From 1960s civil rights activist Bayard Rustin to newly elected Minnesota councilwoman Andrea Jenkins, black LGBTQ Americans have long been blazing trails and making history.
“As long as there have been black people, there have been black LGBTQ and same-gender-loving people,” David J. Johns, executive director of the National Black Justice Coalition, told NBC News. “Racism combined with the forces of stigma, phobia, discrimination and bias associated with gender and sexuality have too often erased the contributions of members of our community."
In celebration of Black History Month, we honor black LGBTQ pioneers of the past and the present and celebrate their oft-forgotten contributions.
RICHARD BRUCE NUGENT (1906-1987)
Nugent was a writer, artist and actor during the Harlem Renaissance. He explored issues of sexuality and black identity in his work, and his avant-garde story “Smoke, Lilies, and Jade” is thought to be the first explicitly gay story published by a black writer.
BAYARD RUSTIN (1912-1987)
Rustin was an LGBTQ and civil rights activist best known for being a key adviser to Reverend Martin Luther King Jr. Rustin promoted nonviolent resistance and organized the 1963 March on Washington. In 2013, Rustin was posthumously awarded the Presidential Medal of Freedom, the nation’s highest civilian honor, for his tireless work promoting equal rights.
JAMES BALDWIN (1924-1987)
“There isn't a single black gay writer of literary fiction or nonfiction that has not been influenced by James Baldwin on some level," Charles Stephens, executive director of the Counter Narrative Project, told NBC News. A writer and social critic, Baldwin is perhaps best known for his 1955 collection of essays, "Notes of a Native Son," and his groundbreaking 1956 novel, "Giovanni's Room," which depicts themes of homosexuality and bisexuality.
ALVIN AILEY (1931-1989)
Ailey was a choreographer who founded the Alvin Ailey American Dance Theater. His signature work, including “Cry” and “Revelations,” continue to be performed all over the world. In 2014, Ailey was posthumously awarded the Presidential Medal of Freedom for his influential work in bringing dance to underserved communities.
AUDRE LORDE (1934-1992)
Lorde, a self-described "black, lesbian, mother, warrior, poet," broke ground with her emphasis on the intersections of race, gender, class and sexual identity. Her most well known work includes "Sister Outsider," a collection of her essays and speeches, and the semi-autobiographical "Zami: A New Spelling of My Name."
BARBARA JORDAN (1936-1996)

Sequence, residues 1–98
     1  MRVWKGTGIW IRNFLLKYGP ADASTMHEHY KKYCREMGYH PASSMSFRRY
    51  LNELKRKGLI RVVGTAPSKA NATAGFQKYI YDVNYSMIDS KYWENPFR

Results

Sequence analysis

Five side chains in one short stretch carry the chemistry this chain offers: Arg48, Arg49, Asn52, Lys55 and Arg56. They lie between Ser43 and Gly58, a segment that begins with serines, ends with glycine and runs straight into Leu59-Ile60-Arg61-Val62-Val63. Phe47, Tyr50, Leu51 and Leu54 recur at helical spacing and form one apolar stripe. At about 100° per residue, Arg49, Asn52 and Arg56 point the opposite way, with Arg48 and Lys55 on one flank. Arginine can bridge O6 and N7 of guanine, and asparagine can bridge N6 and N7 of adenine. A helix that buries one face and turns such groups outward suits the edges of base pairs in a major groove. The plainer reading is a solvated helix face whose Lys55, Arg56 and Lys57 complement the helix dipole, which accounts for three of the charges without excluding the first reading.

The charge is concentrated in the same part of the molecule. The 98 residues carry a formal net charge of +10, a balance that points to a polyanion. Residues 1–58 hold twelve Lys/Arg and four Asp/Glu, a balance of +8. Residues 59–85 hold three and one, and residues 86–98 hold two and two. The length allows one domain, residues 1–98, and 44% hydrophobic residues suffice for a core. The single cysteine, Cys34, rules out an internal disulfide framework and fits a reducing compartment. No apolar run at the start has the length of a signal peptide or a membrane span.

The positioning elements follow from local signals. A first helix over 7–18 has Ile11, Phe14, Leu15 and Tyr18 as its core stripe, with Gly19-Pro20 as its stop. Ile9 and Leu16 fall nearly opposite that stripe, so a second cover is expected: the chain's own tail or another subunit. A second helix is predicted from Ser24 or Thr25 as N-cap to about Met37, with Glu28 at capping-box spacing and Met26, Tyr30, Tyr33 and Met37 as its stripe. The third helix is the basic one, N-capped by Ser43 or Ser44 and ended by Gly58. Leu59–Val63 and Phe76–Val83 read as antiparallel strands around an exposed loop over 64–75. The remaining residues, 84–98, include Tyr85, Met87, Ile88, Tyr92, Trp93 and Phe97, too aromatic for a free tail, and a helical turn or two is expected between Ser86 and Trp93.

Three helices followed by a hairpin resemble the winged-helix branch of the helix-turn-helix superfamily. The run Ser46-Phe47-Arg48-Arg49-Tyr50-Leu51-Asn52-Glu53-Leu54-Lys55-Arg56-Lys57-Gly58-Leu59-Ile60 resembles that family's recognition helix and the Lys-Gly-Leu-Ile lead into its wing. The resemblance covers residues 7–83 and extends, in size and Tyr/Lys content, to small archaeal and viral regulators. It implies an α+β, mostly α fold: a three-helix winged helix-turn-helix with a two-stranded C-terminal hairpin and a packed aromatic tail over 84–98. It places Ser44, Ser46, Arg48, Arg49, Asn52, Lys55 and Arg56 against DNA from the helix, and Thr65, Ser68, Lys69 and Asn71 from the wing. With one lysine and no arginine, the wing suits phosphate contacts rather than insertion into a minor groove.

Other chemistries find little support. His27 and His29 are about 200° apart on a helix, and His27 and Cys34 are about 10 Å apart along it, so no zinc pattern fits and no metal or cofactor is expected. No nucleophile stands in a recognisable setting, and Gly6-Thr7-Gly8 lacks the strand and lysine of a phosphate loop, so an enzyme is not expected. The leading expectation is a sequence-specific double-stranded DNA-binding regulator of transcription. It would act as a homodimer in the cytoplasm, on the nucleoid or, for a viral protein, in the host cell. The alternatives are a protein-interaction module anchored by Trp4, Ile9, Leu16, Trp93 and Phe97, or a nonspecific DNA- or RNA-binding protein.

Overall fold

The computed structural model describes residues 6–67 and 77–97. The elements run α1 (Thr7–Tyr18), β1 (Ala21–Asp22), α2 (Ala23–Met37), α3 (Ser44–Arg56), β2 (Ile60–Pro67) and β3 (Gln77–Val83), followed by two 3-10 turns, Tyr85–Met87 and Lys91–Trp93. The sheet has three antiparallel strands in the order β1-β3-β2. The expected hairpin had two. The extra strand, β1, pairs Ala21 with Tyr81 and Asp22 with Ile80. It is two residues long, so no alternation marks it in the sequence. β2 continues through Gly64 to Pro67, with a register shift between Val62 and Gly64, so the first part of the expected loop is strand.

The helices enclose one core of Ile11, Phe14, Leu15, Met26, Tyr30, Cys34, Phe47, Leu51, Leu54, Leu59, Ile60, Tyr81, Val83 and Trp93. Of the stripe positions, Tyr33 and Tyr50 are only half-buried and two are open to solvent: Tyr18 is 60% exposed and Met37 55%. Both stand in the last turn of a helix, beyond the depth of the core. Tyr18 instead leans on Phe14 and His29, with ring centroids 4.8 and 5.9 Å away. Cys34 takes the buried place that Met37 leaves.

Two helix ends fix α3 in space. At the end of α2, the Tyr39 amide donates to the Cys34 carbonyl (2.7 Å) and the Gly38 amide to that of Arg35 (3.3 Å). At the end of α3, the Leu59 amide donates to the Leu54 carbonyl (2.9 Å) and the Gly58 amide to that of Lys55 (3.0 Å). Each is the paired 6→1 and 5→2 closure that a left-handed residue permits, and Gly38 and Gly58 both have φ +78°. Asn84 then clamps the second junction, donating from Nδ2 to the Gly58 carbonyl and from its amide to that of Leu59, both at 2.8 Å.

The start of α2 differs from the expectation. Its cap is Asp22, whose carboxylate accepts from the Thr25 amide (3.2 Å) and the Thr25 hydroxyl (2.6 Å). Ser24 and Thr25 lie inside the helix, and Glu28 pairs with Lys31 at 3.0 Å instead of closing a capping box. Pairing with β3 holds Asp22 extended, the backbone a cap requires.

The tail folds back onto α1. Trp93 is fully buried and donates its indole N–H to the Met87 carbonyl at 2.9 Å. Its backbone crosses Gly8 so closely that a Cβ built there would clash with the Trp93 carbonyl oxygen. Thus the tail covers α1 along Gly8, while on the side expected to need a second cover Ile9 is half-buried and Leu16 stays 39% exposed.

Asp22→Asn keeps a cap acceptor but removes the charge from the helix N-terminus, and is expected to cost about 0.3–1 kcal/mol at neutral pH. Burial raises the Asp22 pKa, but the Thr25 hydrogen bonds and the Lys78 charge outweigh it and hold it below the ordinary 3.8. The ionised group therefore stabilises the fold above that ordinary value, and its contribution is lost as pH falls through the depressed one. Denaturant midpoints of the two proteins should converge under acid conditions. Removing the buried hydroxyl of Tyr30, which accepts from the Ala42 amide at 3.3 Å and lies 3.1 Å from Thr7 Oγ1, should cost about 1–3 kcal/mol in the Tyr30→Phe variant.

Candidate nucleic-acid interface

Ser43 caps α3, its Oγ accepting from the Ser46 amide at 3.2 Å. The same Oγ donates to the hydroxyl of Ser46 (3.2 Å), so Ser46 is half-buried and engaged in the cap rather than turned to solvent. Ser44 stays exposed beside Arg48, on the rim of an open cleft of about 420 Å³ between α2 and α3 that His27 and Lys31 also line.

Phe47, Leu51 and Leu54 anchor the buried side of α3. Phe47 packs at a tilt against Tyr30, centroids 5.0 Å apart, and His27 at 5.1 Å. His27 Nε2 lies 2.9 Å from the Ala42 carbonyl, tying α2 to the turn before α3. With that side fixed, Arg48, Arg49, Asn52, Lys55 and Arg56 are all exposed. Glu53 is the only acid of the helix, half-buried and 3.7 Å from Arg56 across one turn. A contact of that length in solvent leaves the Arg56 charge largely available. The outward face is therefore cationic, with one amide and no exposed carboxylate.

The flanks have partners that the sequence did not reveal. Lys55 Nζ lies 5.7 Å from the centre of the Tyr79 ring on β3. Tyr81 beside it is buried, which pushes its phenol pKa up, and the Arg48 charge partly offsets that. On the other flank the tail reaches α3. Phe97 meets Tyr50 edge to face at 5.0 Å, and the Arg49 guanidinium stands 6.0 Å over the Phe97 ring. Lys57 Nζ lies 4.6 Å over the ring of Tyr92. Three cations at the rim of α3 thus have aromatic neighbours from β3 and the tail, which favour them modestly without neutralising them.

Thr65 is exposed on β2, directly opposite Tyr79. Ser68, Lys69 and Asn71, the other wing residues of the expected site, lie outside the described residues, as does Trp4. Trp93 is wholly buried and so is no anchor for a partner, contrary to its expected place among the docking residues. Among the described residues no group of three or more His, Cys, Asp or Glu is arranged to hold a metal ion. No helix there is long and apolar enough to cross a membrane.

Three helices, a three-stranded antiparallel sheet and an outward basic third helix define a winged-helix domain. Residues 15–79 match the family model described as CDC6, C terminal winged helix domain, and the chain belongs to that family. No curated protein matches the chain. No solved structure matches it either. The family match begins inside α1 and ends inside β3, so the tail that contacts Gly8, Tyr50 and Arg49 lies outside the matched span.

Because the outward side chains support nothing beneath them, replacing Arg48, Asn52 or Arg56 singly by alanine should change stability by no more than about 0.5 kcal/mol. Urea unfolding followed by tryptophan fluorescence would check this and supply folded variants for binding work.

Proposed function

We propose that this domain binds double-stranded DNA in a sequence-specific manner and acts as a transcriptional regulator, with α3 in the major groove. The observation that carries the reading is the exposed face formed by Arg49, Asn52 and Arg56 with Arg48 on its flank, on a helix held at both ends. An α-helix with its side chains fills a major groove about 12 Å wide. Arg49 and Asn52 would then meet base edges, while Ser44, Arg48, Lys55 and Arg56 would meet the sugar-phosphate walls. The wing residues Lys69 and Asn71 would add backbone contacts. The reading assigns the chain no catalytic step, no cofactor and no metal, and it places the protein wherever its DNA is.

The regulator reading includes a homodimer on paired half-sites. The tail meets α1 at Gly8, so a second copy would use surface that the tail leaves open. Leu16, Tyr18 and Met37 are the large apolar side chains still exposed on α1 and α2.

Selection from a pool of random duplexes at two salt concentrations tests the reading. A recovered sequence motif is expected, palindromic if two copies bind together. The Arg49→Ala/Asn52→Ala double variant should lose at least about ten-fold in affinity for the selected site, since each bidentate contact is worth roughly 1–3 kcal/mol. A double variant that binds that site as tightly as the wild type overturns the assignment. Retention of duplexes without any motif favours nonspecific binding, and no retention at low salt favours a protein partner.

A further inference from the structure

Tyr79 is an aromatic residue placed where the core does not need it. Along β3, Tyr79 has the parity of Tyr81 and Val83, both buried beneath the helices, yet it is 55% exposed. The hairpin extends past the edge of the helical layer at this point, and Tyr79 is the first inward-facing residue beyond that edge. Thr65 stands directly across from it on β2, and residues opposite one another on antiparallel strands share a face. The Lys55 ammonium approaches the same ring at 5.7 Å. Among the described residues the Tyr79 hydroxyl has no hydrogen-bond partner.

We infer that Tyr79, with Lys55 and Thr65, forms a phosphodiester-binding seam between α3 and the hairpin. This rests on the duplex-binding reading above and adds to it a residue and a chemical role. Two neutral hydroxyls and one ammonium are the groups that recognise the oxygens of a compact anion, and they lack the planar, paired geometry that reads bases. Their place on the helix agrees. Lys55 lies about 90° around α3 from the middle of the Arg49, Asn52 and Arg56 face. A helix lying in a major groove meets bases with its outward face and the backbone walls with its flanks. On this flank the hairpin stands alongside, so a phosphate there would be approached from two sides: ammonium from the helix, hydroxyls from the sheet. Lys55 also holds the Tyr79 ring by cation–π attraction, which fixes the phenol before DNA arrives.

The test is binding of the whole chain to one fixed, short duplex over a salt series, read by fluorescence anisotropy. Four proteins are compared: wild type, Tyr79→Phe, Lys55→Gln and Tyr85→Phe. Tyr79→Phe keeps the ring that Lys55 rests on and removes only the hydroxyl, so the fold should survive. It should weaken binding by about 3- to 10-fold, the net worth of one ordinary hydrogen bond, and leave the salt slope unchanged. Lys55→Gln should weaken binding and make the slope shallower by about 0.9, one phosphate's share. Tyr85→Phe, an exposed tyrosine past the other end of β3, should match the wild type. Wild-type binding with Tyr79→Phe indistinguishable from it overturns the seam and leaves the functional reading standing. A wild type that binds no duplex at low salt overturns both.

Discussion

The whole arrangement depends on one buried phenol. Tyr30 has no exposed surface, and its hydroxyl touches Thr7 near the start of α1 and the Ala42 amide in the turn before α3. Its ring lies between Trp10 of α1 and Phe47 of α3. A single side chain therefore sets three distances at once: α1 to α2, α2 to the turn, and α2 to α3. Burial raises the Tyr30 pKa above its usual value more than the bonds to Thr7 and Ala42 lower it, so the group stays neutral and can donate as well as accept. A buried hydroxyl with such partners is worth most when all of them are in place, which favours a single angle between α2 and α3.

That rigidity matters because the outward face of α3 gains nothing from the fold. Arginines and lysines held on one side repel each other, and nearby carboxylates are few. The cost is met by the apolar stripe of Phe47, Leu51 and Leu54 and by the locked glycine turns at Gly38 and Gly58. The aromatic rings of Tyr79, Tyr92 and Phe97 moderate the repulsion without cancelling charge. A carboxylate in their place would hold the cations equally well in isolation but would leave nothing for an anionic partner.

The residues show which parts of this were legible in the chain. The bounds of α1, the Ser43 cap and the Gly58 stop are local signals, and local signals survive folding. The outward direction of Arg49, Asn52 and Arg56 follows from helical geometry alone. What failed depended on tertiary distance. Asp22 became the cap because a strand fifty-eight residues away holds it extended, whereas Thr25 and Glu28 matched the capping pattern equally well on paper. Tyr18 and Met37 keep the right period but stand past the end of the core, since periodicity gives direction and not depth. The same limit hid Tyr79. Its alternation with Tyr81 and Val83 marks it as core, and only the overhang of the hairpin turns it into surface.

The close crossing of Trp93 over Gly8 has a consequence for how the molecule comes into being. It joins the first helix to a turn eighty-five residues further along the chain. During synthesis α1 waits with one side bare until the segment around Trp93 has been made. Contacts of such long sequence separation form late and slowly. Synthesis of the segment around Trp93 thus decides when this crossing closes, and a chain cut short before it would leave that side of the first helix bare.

Civil rights leader and attorney Barbara Jordan was a political trailblazer. In 1966, she became the first African-American elected to the Texas Senate, and then just a few years later, she became the first woman and first African-American elected to Congress from Texas. In 1992, the NAACP awarded Jordan the Spingarn Medal, and in 1994, she was awarded the Presidential Medal of Freedom by Bill Clinton. While Jordan never explicitly acknowledged her sexual orientation in public, she was open about her life partner of nearly 30 years, Nancy Earl.
MARSHA P. JOHNSON (1945-1992)
Johnson was an outspoken transgender rights activist, and she is reported to be one of the central figures of the historic Stonewall Riots of 1969. Along with fellow trans activist Sylvia Rivera, Johnson helped form Street Transgender Action Revolutionaries (STAR) and the STAR House to help young trans women and drag queens. Johnson is the subject of the new Netflix documentary "The Death and Life of Marsha P. Johnson."
RON ODEN (Born 1950)
When Oden was elected mayor of Palm Springs, California, in 2003, he made history by becoming the first openly gay African-American man elected mayor of an American city, according to The Advocate. Following Oden's historic election 15 years ago, the Palm Spring City Council made history once again: In December 2017, it became America's first all-LGBTQ city council.
PHILL WILSON (Born 1956)
After contracting HIV during the height of the AIDS epidemic, Wilson founded the Black AIDS Institute in 1999. The organization's mission, according to its website, is to "stop the AIDS pandemic in Black communities by engaging and mobilizing Black institutions and individuals in efforts to confront HIV." Earlier this month, Wilson announced he will be stepping down as the organization's president and CEO later this year.
ANDREA JENKINS (Born 1961)
Andrea Jenkins made history in November 2017 by becoming the first openly transgender black woman elected to public office in the U.S., according to LGBTQ advocacy groups and researchers. Jenkins, a Democrat, was one of two openly trans people to win a seat on the Minneapolis City Council last year. The 56-year-old is also a published poet and an oral historian at the University of Minnesota.
WILLI NINJA (1961 - 2006)
Ninja was a dancer, choreographer and the "Grandfather of Vogue," the dance style that he helped propel to the national stage. Vogueing, characterized by angular body movements and exaggerated runway poses, was introduced to the public in the award-winning 1990 documentary "Paris Is Burning," which Ninja appeared in, and was popularized by Madonna's 1990 hit song "Vogue." Ninja died in 2006 at age 45 from AIDS-related heart failure.